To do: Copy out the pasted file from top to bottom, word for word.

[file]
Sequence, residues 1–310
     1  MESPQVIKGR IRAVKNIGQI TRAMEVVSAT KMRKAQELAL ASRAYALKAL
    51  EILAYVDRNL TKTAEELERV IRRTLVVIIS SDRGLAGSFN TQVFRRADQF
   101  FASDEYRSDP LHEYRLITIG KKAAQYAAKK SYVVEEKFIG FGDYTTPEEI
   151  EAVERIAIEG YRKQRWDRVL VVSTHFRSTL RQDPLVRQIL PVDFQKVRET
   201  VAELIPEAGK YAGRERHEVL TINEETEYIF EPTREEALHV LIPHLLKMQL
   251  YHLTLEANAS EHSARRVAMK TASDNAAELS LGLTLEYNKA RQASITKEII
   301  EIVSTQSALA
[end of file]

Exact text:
Sequence, residues 1–310
     1  MESPQVIKGR IRAVKNIGQI TRAMEVVSAT KMRKAQELAL ASRAYALKAL
    51  EILAYVDRNL TKTAEELERV IRRTLVVIIS SDRGLAGSFN TQVFRRADQF
   101  FASDEYRSDP LHEYRLITIG KKAAQYAAKK SYVVEEKFIG FGDYTTPEEI
   151  EAVERIAIEG YRKQRWDRVL VVSTHFRSTL RQDPLVRQIL PVDFQKVRET
   201  VAELIPEAGK YAGRERHEVL TINEETEYIF EPTREEALHV LIPHLLKMQL
   251  YHLTLEANAS EHSARRVAMK TASDNAAELS LGLTLEYNKA RQASITKEII
   301  EIVSTQSALA